A quick lesson here on getting more for
our money out of our approach patterns.
We've been playing them typically going
into the target note on beat one or
beat three which gives
you a sound like this.
one, two, three, four, one, two, three,
four, one, two, three, four, one.
And that's kind of a characteristic sound.
The other side we can do it on, though,
is to approach our target
note on beats two or
four, and that's kind of a different head.
The approach pattern falls in
a different place in the bar.
And what I'd like to do
is just kinda introduce
the concept of offsetting
those in a way or instead of
stitching things together with our
playing five notes of the scale and
then the approach pattern.
Let's try putting a couple
approach patterns together and
see how that kind of offsets our line.
You can hear that, right away,
we've broken up what's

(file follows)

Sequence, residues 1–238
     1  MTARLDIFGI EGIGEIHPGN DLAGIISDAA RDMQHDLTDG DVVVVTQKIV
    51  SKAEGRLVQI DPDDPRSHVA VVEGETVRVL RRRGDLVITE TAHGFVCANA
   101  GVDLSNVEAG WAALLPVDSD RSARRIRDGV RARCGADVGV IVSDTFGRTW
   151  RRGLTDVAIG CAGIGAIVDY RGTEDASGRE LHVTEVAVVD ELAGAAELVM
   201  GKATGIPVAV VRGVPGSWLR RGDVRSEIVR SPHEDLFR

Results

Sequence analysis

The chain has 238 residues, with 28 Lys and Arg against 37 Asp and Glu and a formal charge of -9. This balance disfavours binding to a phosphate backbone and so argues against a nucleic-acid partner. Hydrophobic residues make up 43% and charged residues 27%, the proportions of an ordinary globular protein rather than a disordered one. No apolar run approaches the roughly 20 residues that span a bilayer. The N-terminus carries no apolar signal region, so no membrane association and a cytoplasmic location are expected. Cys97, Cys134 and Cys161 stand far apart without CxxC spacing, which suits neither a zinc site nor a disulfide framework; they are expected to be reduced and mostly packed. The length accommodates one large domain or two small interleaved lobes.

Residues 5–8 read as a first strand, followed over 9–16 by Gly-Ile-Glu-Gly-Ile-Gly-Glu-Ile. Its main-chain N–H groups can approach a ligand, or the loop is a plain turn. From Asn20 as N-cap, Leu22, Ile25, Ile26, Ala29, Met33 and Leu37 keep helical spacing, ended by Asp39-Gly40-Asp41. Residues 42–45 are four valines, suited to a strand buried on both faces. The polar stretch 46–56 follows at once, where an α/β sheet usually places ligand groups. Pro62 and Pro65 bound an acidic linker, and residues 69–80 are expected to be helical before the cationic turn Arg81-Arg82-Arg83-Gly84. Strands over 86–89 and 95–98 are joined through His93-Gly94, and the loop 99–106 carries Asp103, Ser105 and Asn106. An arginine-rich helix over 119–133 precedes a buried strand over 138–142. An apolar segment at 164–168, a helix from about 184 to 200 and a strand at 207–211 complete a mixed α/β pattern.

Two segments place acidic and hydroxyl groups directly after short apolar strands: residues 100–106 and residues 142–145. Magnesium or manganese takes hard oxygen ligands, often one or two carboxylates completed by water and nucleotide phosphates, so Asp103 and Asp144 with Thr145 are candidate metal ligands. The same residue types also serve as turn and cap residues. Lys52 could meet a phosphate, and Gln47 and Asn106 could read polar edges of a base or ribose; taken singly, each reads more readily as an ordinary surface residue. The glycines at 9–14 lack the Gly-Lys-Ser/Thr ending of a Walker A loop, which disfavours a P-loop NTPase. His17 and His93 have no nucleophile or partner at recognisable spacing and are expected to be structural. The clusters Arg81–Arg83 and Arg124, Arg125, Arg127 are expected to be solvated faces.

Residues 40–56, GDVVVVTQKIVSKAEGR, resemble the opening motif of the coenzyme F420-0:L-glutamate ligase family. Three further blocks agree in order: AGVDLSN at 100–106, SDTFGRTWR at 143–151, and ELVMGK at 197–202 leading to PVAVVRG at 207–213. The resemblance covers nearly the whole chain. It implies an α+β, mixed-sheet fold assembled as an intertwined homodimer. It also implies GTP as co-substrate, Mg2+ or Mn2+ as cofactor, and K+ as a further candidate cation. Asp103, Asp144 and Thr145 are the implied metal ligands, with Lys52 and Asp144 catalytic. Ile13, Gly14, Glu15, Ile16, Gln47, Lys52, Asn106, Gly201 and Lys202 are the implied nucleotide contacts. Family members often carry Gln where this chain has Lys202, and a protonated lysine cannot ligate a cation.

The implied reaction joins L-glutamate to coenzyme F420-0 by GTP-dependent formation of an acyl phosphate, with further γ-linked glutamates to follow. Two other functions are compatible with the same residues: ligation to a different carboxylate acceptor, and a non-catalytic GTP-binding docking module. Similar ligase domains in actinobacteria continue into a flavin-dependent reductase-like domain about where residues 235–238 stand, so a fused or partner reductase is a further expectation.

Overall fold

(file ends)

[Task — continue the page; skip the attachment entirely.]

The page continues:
a very regular pattern and
created a line that's got
a lot more contour to it,
that's going more different directions.
This kind of thing.
So I'm gonna put up our,
let's use the 2, 5, 1 track to D.
And we're gonna play it
at 110 beats per minute.
And I'm just gonna illustrate this concept
a little bit as we play some fluid lines,
some longer lines.
You can hear
the approach pattern
happening at different
places in the bar there.
Let's play back so
we're doing it on target note,
beat one and three again, just so
we can remember what that sounded like.
gonna do it
to beats two and
back up now.
The idea with that is that
we can create a very different feel
just by displacing the approach
patterns by just one beat and
approaching the note on two and
four rather than approaching
the target note on one and three.
So, we'll continue on,
we're gonna study the bop scales
in our two five to C major next.